Although non-visual and straying from material culture, folklore and storytelling remain a persistent aspect of the Scandinavian cultural landscape of the Upper Midwest. Von Krogh writes that stories passed from generation to generation, “reflect conscious as well as unconscious needs, values and defenses in the storyteller as well as among his audience”, which indicates that the study of oral storytelling traditions would offer us a unique perspective from which to consider the ways recurring themes, character traits, or expressions of social order might reveal cultural values. Moreover, the fact that something such as the legend is, “More typically presented in a kind of dialogue or informal conversation” suggests that there are patterns of importance placed on the oral tradition over that which is written. Of course, there are times at which a story might be told with more accuracy or written down, but largely this seems to not be the case.
Recurring figures in Norwegian folklore, as in most folklore, include both the hero and the creature or monster. Where heroes such as Askeladden tend to be portrayed in a favorable light, trolls, described in one instance as, “Particularly unsavory Scandinavian monsters” , become subject a less favorable treatment. There exist a number of tales in which trolls are stated to have tendencies towards violence or kidnapping. We also see, as pointed out by Eastman Attebery, that this type of troll occupies a well-established niche in written literature, both in traditional folk narratives such as those collected by Asbjørsen and Moe and in more contemporary works such as Tolkein’s “The Hobbit”, or in Gaiman’s “Troll Bridge”. Additionally, in the plays of Ibsen, the troll has been used to, “Represent the evil dormant in man”, suggesting the extent to which this characterization of the troll as evil has developed. There of course is an evolution between the early and late literary works, although both engage with similar themes of cruelty and meanness.
In contrast to the ogre-trolls of early folktales and more contemporary literary works, there remains a more pleasant characterization. This is that of the humanoid-trolls – a term borrowed, again from Eastman Attebery to describe those which, “Oftentimes take on the role of the trickster, and have emotions, families, and depth.” In a survey of Mount Horeb, we see a similar representation and characterization of the troll, to the extent that in addition to those that are purely fictitious, we see trolls modeled after individual townspeople. One handout available in the town, deals further with this mischaracterization, stating that:
There are: Kind trolls and mean trolls, Happy trolls and very sad trolls, Laughing trolls and trolls with migraine, Helpful trolls and destructive trolls (vandals)
Although here we do see the unpleasant troll remain, there is more nuance developed, and the monolithic characterization is dismantled, leaving room for the kind, happy, laughing, and helpful trolls that we find along the Trollway.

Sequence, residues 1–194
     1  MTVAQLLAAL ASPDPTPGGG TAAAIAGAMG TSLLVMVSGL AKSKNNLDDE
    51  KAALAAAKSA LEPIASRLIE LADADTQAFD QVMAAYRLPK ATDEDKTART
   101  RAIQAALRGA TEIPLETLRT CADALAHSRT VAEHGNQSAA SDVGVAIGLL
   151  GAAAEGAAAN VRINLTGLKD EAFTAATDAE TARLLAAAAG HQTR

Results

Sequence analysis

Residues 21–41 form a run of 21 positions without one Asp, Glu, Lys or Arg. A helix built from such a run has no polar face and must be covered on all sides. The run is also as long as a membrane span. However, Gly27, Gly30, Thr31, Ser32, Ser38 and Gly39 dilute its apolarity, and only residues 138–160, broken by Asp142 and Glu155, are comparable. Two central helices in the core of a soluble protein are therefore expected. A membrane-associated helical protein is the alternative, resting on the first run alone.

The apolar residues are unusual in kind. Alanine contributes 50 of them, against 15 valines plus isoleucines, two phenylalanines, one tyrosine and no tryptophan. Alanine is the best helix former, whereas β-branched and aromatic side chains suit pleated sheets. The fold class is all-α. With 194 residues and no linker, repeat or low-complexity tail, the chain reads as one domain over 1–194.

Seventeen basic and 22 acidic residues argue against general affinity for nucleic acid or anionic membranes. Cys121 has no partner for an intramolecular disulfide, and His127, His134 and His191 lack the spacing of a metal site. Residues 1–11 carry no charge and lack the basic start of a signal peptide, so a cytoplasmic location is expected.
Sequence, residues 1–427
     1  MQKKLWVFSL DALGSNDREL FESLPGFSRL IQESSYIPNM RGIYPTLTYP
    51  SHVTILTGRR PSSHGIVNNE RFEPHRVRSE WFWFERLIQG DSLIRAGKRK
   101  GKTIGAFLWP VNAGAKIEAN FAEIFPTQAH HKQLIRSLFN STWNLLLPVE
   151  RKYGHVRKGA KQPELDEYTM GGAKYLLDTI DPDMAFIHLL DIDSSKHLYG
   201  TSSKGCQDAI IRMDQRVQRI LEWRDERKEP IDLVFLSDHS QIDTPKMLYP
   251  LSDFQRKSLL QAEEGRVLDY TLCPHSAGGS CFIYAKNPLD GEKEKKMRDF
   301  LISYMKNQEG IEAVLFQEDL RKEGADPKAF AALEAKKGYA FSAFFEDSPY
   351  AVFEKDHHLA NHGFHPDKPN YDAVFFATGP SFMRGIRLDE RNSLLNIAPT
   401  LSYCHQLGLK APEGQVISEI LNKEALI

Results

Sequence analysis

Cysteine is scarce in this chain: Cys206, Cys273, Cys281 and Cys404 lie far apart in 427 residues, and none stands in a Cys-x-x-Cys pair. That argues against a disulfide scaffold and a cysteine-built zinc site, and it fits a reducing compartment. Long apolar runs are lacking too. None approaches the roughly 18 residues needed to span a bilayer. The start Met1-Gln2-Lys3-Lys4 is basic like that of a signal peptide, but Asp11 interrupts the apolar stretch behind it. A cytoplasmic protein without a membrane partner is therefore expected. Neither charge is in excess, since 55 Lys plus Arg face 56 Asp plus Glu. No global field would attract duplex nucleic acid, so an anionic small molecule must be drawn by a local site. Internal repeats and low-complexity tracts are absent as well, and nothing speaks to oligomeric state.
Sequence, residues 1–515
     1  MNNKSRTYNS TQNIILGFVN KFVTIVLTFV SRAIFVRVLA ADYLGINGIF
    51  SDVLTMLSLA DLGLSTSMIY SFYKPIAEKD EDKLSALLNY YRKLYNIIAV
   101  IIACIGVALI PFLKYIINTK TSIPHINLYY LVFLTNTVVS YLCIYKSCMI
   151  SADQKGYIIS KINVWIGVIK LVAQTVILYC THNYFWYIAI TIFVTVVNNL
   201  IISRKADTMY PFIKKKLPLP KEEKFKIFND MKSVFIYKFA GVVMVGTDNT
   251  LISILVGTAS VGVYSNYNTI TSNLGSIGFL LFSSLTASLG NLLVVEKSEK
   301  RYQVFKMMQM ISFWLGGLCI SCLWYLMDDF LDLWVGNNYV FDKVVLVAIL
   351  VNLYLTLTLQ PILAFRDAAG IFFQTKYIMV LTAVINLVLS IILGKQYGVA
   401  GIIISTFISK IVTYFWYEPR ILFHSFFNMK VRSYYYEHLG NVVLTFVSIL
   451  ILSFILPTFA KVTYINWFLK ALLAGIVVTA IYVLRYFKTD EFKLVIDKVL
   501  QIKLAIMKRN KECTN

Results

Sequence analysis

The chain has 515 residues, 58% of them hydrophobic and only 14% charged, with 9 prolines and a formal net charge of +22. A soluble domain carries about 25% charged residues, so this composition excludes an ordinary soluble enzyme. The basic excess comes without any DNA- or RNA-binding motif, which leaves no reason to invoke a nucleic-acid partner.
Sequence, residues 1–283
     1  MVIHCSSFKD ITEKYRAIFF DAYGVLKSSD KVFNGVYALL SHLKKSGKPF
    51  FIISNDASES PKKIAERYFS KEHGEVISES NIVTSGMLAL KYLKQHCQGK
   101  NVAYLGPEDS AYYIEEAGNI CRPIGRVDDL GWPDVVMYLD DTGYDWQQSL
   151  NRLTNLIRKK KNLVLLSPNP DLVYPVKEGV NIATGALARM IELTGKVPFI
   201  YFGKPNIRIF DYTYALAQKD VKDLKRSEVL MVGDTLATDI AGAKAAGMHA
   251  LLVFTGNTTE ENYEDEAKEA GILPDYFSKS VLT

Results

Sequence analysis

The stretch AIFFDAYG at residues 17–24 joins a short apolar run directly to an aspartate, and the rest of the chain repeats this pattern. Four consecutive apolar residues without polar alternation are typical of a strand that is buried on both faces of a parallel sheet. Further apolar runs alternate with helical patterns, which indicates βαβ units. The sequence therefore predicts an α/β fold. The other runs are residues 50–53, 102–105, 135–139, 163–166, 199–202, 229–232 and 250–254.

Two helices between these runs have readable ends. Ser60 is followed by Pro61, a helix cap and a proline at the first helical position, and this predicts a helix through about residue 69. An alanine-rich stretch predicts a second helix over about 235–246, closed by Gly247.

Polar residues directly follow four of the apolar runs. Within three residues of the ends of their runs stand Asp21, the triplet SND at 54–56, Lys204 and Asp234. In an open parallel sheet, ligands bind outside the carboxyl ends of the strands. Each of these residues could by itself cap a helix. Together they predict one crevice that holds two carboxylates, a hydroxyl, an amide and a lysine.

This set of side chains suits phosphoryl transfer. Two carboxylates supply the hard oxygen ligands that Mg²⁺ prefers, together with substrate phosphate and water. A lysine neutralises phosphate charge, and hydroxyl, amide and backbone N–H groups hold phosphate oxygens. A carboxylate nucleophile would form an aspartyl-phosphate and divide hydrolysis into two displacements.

This is exemplified by the work of Michael Feeney, a local artist who has carved many of the trolls along Mount Horeb’s main commercial road, who employs an aesthetic that leans heavily towards folk art, and assigns each of his works a personality for which it is named – these range from gardeners to peddlers. This again distances the Mount Horeb trolls from existing literary characterizations and further illustrates the adaptation of Scandinavian tradition to meet the needs of the town’s aesthetic and cultural ambitions.
Outside of the use of troll imagery, one of the most places where we most clearly see this cultural resilience is in Little Norway, a “living museum” that existed between 1927 and 2012 in Blue Mounds, just outside Mount Horeb. Home to several recreations of traditional Norwegian homesteads, and most notably a stave church used originally at the 1893 World’s Colombian Exposition, the museum sought to give its visitors an experience that, while by no means authentic, would recreate something of the lives of Norwegian settlers. Bøhn notes in “A Quest for Norwegian Folk Art in America” that from an art historical perspective, surveys of Norwegian immigration to the United States have neglected to look at antiques and material culture, and especially those which hold personal value. This is one area in which Little Norway was remarkably successful, in addition to the use of a form of spectacle to bring attention to the area.
The duality in the role of the troll character in arts and literature, and the broader artistic and storytelling traditions of the Upper Midwest are significant in a study of Mount Horeb’s folk art in that they allows us to consider the image of the troll in a wider cultural context. Mount Horeb, a town deeply rooted in its Scandinavian identity is defined by landmarks such as Little Norway and a water tower featuring the town’s name underscored by rosemaling, in addition to roadways, restaurants, and a town mascot that references the Norwegian troll. All play into a desire to differentiate from other small towns and to attract attention from passengers in a speeding car, something which is far from unique to Mount Horeb, and in fact aligns with a broader tradition in American culture.